The level of 28.8 ng.g-1 of Hg in fish, estimated here from the recommendations of WHO/FAO (2004), is a conservative value that would protect children and pregnant women from the harmful effects of Hg and represents a slightly higher ingestion rate than that suggested by WHO/FAO (2004; 23 ng.kg-1.day-1). However, Hg concentrations encountered in the species sampled here were almost all higher than this level, indicating that very few species would be appropriate for consumption and that dietary restrictions should be seriously considered, especially in the most vulnerable groups.

It is important to consider, however, that fish is the principal protein source for riverine populations and fish consumption varies depending on cultural practices and seasonal availability. Passos & Mergler (2008) found that Hg intake via fish consumption varied from 0 to more than 4µg.kg-1.day-1, greatly exceeding the recommended limit of 0.23µg.kg-1.day-1. Considering the high nutritional quality of fish, which is rich in protein and Omega 3, and the limited availability of alternative protein sources, programs to reduce Hg exposure in riverine populations should avoid recommending drastic restrictions in fish consumption. Such restrictions could result in protein deficiencies which could limit the neurological development of children, having a greater impact than the limited neurotoxicological effect of Hg contamination. Promoting the consumption of fruits and other items in the diet could help to reduce the negative effects of Hg contamination without resorting to major reductions in fish consumption (Passos & Mergler, 2008; Passos et al., 2008).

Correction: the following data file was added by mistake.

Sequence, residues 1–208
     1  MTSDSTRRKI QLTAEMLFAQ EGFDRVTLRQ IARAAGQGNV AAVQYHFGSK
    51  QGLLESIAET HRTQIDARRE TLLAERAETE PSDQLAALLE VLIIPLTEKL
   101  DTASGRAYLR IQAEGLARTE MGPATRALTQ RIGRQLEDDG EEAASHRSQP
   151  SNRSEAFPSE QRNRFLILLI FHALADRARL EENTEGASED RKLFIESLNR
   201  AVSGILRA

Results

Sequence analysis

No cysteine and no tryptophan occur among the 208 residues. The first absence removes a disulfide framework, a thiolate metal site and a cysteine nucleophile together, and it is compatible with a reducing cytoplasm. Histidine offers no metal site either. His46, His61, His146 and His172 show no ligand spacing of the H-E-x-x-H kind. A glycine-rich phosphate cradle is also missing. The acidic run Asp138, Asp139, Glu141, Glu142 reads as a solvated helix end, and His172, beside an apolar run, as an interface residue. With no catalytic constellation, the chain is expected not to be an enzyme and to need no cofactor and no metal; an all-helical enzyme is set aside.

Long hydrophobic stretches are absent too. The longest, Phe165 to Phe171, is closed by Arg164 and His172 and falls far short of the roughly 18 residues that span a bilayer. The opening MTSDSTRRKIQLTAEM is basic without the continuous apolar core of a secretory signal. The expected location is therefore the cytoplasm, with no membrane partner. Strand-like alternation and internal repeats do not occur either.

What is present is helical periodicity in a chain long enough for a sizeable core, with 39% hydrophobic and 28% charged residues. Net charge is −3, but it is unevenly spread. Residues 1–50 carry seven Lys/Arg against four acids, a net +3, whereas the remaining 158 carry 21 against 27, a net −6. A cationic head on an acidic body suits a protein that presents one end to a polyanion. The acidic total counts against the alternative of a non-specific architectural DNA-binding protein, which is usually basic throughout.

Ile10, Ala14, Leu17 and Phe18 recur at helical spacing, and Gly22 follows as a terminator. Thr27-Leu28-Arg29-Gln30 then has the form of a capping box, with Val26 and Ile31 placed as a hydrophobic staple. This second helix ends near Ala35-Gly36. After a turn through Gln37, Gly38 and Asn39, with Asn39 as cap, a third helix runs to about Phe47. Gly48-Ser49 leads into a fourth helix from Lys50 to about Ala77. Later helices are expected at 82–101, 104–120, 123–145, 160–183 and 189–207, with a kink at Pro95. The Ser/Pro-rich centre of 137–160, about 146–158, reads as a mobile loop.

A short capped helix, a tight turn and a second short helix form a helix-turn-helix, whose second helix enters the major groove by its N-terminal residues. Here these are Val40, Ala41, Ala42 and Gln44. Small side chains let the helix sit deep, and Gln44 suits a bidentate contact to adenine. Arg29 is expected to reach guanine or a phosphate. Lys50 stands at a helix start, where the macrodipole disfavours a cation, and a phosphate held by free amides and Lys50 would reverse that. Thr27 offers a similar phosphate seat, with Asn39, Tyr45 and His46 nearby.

The results of this study show an overlap in the levels of total Hg of some species belonging to different trophic categories. This finding indicates that the concentrations of Hg in fish depends on other factors, such as high trophic plasticity, a characteristic of fish from the Amazon (Abelha et al., 2001) that occurs in response to variations in the abundance and availability of food resulting from the Amazon River's hydrologic cycle.

In a single species, the concentrations of total Hg can vary owing to differences in body size and to ontogenetic changes in feeding. This effect is reflected in the high standard deviations found in Hg concentration in this study (Table 1). The exposure time of immature fish to Hg is lower, and these fish therefore show a lower amount of bioaccumulation. Belger & Forsberg (2006) demonstrated that Hg levels in Cichla spp. and Hoplias spp. in the Negro River basin also vary in response to several environmental variables including river pH, dissolved organic carbon and the density of wetlands upstream of the collection point which was an indicator of potential methylation sites. Similar results have been found for fish in north temperate streams (Chasar et al., 2009)